Part of the 2018 One Asia Forum Talk Series. Event will be conducted in 한국어 (Korean)
Abstract: In Korean academia, recently there has been considerable debates as to how to make sense of the political implications of poems of Eon Jin Yi’s (1740-1766, a member of hereditary class of minor officials) and the extent to which Korean vernacular literature had been circulated in Late Chosŏn Korea. Controversy reigns as to whether Eon Jin Yi was radical enough to challenge the rigidly hierarchical social system of Chosŏn Korea in which he suffered from its contradictions and whether there was nationwide circulation of Korean novels. Currently, historically grounded social scientists as well as literary scholars and historians joined in a freewheeling discussion of these issues. Accordingly, these debates serve as a bridge across the gap between multiple disciplines. In this talk, Kim does not seek to adjudicate these debates. Instead, he examines some long-cherished assumptions in the writing of Korean history and literature. In particular, he reconsiders the applicability of the idea of “antagonistic” politics and modernization theory to Korean history through reading some key texts of Korean literature more closely. By so doing, he suggests a new way in which the state and society interacted one another in Late Chosŏn Korea and various social agents negotiated their ways through appropriation of existing social norms and values.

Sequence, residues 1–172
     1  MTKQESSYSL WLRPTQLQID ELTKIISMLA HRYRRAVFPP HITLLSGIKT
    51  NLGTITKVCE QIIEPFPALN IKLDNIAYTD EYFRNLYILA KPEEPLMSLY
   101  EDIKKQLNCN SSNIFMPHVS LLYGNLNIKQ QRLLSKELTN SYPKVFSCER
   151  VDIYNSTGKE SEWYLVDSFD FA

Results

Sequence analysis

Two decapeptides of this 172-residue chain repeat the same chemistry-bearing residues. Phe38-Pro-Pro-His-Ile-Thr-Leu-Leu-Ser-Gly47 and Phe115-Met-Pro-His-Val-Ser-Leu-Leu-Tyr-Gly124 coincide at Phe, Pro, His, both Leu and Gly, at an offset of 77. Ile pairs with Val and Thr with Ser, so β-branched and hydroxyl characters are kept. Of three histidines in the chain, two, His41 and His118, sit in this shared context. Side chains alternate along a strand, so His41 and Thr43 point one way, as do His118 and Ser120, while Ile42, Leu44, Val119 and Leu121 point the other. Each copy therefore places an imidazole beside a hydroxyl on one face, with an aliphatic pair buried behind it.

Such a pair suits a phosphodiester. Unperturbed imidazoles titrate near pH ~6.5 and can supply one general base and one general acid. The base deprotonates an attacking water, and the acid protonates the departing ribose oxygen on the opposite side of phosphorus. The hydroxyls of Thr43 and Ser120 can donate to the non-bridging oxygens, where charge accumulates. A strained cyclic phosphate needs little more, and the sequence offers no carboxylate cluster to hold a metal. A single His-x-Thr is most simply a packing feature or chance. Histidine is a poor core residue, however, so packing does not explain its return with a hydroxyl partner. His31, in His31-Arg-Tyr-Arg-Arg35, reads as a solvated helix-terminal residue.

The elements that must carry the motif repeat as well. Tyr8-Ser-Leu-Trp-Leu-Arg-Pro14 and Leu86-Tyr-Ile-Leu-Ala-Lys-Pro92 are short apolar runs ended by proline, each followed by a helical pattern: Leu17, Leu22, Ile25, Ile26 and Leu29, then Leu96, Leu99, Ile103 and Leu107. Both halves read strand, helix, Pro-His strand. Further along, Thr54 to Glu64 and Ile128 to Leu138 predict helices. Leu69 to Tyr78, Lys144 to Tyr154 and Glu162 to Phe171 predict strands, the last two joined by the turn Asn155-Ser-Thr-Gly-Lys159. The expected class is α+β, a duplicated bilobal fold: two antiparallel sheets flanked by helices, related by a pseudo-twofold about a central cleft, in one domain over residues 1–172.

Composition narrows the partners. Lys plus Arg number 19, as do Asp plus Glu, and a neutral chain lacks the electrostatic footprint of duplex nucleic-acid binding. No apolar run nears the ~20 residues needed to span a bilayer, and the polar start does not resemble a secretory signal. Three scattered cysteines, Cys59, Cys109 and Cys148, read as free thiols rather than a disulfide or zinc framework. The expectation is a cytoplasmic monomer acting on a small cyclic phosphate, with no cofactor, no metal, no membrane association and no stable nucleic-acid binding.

About the speaker: Youngmin Kim is Professor of Political Science at Seoul National University in Seoul, Korea. He holds Ph. D. from Harvard University in the intellectual history of East Asia. His major research areas include: East Asian intellectual history and political thought, with specializations in late imperial Chinese intellectual history, Korean intellectual history, and Neo-Confucianism. Before Kim joined Seoul National University he taught East Asian thought and culture at Bryn Mawr College.
His publication includes Women and Confucianism in Chosŏn Korea (State University of New York Press, 2011, editor and contributor); “Chosŏn Confucianism,” Oxford Handbook of Confucianism (Oxford: Oxford University Press, forthcoming); “Politics of Historical Vision,” European Journal of Political Theory (May, 2017); “Political Unity in Neo-Confucianism,” Philosophy East & West (April, 2012); and “Luo Qinshun (1465-1547) and His Intellectual Context,” Toung Pao (LXXXIX, 2003). Recently, he has published A History of Chinese Political Thought (Cambridge: Polity, 2018).